Federal prosecutors have said they plan to become a plaintiff in a 4-year-old False Claims Act case against devicemaker St. Jude Medical, which is accused of paying illegal kickbacks to surgeons who used the company's pacemakers and defibrillators.
Feds to join suit against St. Jude Medical
Officials with the U.S. attorney’s office in Boston late last week filed a memorandum in U.S. District Court in Boston in support of a whistle-blower case filed in July 2006 by former St. Jude employee Charles Donigan. The devicemaker, according to Donigan’s civil complaint, violated false claims law because hospitals and physicians that received the kickbacks then billed Medicare and Medicaid for reimbursement of services.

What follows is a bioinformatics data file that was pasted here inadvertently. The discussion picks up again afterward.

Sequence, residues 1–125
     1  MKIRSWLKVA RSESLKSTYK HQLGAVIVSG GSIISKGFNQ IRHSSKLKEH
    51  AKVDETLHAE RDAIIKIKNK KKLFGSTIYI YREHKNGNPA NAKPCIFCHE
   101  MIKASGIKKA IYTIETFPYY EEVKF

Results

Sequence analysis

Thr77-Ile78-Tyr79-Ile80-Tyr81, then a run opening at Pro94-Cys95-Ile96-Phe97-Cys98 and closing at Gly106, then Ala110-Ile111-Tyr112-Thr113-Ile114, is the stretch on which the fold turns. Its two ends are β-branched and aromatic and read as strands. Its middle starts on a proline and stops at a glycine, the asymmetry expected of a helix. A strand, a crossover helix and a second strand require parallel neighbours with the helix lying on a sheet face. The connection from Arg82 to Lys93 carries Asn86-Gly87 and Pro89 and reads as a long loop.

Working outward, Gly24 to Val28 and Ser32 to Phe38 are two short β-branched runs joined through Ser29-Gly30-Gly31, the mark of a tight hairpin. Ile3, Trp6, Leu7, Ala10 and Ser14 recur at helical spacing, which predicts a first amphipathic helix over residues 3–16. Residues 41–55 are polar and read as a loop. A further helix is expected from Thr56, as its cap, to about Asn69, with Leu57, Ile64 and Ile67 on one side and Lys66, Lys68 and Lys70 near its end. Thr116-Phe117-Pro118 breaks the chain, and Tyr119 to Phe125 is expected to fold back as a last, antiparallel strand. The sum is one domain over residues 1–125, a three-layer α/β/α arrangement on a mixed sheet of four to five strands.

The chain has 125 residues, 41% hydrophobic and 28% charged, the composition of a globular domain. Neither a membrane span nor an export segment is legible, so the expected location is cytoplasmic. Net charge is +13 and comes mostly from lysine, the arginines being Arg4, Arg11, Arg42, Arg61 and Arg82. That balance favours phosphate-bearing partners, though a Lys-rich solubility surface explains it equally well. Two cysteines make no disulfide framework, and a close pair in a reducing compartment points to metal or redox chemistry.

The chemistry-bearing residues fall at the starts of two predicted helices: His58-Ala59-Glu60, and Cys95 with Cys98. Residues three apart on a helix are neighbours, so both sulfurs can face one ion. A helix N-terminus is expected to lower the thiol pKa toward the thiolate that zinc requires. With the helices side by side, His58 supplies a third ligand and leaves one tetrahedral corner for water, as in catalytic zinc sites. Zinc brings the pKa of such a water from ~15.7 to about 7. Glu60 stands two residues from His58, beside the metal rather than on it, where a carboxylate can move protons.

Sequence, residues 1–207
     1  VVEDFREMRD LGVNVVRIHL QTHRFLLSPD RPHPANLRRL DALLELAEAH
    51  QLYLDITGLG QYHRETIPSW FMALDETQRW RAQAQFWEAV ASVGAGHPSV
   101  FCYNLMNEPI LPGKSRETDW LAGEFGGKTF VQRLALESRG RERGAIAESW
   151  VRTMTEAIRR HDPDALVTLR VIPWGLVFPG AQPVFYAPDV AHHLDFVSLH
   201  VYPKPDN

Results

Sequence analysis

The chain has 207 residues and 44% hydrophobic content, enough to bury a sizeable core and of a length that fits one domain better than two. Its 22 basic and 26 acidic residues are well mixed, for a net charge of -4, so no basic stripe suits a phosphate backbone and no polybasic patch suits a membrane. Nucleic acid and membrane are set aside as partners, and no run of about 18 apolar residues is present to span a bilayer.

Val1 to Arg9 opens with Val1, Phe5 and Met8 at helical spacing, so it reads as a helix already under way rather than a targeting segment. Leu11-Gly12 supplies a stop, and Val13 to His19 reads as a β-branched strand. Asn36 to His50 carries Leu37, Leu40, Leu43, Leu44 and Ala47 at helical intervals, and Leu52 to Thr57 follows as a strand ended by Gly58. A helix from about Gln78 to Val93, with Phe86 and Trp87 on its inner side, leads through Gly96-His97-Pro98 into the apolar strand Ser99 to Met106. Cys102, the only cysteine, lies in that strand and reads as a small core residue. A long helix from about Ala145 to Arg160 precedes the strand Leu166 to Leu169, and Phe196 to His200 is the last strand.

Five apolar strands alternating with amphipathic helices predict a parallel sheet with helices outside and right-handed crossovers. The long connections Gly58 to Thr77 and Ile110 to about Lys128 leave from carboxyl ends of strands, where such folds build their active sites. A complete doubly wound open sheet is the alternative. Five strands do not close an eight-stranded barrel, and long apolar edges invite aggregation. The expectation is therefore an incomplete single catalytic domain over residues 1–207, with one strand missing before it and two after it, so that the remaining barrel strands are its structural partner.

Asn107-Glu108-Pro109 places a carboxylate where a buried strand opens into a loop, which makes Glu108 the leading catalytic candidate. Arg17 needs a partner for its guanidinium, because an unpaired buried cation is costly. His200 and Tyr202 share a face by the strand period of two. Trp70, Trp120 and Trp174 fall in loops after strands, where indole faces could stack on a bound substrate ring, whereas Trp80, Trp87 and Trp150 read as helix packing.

In his complaint, which was also filed with the U.S. District Court in Boston, Donigan alleges that St. Jude promoted sales of its cardiac devices through several kickback vehicles. They included giving free equipment to hospital customers under the guise of a fake rebate program, using four post-market clinical trials to funnel cash payments to doctors who used the company’s devices, and paying for physicians to take lavish trips and attend events.
In a statement, St. Jude said that it objected to the government’s motion to intervene, and that it would “vigorously defend against the allegations in the lawsuit.”
Under the False Claims Act, the government can file an action to intervene, thereby becoming a plaintiff on a case when federal investigators determine the civil case has good cause. Prosecutors plan to file a federal complaint against St. Jude Medical on or before Aug. 31, according to the memorandum of support.
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